Nova Credit launching from Y Combinator to give immigrants access to U.S. credit
By Jonathan Shieber for Techcrunch.com
Access to credit and establishing a credit history aren’t a luxury for people living in the US, they’re a necessity. A credit score is required to rent most apartments, get credit cards, and essentially make a way in the modern American world
But for millions of immigrants (roughly 15 million) landing on U.S. shores — even ones who had successful jobs abroad — there’s no way for them to access credit. They’re basically starting from scratch, after a lifetime of being productive members of society in their home country (in most instances, no matter what Donald Trump may say).
That is, until now. Launching at Y Combinator’s demo day this weekend, Nova Credit is looking to change that paradigm.
The company, founded by three Stanford graduates, Loek Janssen, Nicky Goulimis, and Misha Esipov, has developed what may be the world’s first cross-border consumer credit reporting agency.
Collecting credit information and credit proxies (like cell phone billing receipts and records) into a single report it calls the “Nova Credit Passport”, Nova Credit passes the report onto the lender so that they can make a more informed determination on whether to accept or reject a credit application.
For credit card companies and lenders, the availability of a new report that scores immigrants’ credit, opens up roughly $600 billion in new lending opportunities.
“You come here and you start from scratch,” said Janssen in an interview. “What we’ve been working on for the last eight or nine months is creating a systemic solution to that problem.”
Both the UN and the World Bank have identified financial inclusion and the ability to access global credit as one of the keys to development and poverty alleviation globally.
In an article for the Kellogg School at the University of Chicago, Paul Christensen a clinical professor of finance was quoted saying, “Simply giving everyone a bank account does not necessarily accomplish that goal.”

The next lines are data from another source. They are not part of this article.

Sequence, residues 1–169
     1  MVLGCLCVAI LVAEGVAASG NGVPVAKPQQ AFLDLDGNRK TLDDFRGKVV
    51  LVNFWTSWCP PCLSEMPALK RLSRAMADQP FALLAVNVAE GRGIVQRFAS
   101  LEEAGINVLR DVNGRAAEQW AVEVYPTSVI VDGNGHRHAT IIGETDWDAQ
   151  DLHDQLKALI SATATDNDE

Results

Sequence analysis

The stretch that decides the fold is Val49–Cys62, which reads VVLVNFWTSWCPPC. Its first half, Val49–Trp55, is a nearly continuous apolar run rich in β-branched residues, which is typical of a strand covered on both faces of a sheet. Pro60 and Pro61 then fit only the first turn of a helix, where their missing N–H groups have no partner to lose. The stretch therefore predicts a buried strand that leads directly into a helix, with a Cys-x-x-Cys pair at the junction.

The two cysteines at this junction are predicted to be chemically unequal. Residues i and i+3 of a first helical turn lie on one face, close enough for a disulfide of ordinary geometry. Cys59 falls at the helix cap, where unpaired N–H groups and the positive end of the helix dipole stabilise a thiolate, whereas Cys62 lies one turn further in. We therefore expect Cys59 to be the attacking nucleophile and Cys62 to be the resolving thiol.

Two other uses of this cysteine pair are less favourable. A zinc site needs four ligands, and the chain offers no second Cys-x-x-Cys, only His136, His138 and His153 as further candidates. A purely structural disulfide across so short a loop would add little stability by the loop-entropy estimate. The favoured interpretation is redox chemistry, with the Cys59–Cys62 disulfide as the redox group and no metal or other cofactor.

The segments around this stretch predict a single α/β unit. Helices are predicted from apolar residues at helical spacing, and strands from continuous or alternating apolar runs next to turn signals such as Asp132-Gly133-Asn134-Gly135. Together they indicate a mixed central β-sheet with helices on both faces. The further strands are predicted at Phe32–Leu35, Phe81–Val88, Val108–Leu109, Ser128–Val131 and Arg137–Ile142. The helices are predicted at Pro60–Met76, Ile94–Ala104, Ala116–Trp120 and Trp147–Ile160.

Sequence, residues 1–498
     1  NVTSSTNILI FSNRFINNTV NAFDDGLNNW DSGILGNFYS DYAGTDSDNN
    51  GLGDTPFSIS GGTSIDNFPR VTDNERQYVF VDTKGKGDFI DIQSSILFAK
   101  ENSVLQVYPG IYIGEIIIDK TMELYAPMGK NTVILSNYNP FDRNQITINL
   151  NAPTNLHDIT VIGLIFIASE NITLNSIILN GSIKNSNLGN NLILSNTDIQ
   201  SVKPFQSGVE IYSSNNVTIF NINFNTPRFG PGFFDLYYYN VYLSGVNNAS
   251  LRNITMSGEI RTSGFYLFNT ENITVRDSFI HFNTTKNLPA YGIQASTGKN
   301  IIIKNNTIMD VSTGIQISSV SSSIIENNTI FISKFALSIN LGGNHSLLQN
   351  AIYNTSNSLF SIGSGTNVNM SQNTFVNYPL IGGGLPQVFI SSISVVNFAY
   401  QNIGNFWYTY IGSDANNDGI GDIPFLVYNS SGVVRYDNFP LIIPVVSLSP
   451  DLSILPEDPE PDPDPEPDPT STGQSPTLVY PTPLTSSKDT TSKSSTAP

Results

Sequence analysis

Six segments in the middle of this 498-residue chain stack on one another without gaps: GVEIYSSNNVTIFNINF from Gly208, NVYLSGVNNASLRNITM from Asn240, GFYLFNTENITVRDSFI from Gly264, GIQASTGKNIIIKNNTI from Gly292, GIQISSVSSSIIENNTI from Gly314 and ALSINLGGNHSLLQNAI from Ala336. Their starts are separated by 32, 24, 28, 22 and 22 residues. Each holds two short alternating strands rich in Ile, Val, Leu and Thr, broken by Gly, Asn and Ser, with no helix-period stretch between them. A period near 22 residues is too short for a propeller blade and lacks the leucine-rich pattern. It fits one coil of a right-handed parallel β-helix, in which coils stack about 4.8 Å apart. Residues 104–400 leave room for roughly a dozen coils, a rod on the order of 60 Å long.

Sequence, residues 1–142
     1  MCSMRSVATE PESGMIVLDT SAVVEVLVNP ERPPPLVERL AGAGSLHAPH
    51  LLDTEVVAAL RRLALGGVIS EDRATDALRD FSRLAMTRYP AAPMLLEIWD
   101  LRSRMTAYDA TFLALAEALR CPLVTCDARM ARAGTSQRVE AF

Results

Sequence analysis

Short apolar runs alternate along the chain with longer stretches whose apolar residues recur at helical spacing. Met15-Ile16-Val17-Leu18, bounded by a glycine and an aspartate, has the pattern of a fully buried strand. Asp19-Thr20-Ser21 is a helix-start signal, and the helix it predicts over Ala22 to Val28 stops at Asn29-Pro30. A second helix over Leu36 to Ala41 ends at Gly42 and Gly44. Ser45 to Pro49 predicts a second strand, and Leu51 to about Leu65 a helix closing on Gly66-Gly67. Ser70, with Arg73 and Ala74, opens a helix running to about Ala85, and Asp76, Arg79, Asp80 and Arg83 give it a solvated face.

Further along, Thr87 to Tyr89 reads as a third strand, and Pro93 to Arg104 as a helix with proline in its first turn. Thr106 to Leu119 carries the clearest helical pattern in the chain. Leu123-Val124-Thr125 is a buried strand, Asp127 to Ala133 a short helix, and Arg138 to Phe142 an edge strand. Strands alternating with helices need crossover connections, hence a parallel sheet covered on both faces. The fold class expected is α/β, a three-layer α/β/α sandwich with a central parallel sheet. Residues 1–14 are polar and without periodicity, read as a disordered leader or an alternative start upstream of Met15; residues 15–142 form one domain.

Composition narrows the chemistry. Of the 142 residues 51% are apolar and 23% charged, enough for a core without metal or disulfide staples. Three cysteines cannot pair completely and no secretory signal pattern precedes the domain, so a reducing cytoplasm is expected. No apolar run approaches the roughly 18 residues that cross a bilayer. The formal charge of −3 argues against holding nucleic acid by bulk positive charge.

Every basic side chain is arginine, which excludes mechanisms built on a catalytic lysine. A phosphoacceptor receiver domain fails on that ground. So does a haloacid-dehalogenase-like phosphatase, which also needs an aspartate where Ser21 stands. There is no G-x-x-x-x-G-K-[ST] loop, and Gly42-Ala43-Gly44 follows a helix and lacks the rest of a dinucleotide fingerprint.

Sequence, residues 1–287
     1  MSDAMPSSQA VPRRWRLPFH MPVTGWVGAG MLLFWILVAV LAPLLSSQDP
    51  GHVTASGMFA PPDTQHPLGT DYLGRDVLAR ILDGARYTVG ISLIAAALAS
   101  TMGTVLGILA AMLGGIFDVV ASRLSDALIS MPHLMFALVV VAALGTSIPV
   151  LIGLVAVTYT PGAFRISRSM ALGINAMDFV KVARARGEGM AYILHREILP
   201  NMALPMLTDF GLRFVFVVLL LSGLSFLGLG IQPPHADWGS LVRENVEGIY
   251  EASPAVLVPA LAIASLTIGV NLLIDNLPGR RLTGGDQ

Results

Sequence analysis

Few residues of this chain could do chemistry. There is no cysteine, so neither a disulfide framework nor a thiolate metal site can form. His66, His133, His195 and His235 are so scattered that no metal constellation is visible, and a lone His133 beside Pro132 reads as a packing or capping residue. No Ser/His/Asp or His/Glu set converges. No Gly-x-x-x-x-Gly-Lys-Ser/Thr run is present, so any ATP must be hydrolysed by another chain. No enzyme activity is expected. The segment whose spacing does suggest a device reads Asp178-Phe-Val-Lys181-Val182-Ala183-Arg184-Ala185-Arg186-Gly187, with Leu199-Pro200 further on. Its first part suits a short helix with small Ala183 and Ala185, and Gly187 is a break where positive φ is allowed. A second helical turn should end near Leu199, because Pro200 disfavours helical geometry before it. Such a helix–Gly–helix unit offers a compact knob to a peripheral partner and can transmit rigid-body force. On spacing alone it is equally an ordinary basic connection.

Neither do marketplace lending platforms or access to microfinance.
Christensen argues that financial inclusion should focus on a more fundamental goal: providing people access to a full spectrum of affordable, high-quality financial services, including credit.
While microfinance has had an impact, Christensen told KelloggInsight:
“Microfinance companies proved that poor people, wherever they are, could be creditworthy,” Christensen says. “That was an important step.”
The increased adoption of credit reporting around the world and the onset of mobile banking have exponentially increased the amount of available data to provide better insights on potential borrowers worldwide.
For the three founders, who are all under 30, the problems of credit accessibility was more than academic. The 28-year-old Esipov watched his parents struggle when they moved from Russia in 1990. While 26-year-old Janssen and the 28-year-old Goulimis, who worked as a full-stack developer and a Bain Consultant, respectively, had to start their financial lives over when the moved to the U.S. to attend university.
Nova makes its money by charging lenders for access to their reports, in the same way Experian and Equifax do.
So far, the company is concentrating on two markets, India and Mexico, which account for roughly 21 million immigrants to the U.S. every year. As the company expands it intends to add countries in the UK, the European Union, Brazil, Russia and China.
Launching at Y-Combinator’s demo day this weekend, Nova Credit is already generating buzz among financial services companies. It has also partnered with organizations immigrant organizations like fwd.us and Partnership For A New American Economy.
“We’re partnering with credit unions and fintech lenders,” said Goulimis. “Credit unions are committed to financial inclusion and trying to move away from taking shots in the dark [and] on the other hand we’ve been working with bigger fintech lenders [who] are trying to underwrite people who are unbanked.”
Ultimately, Nova seems to be the culmination of something financial theorists, development organizations and lenders have been looking for for a long time.
“If you’re in the financial services space, it’s time to wake up and pay attention to this massive, potentially very profitable market,” Christensen told KelloggInsight. “For everyone else, making sure people have access to credit is the best way to expand your market.”
First appeared at TC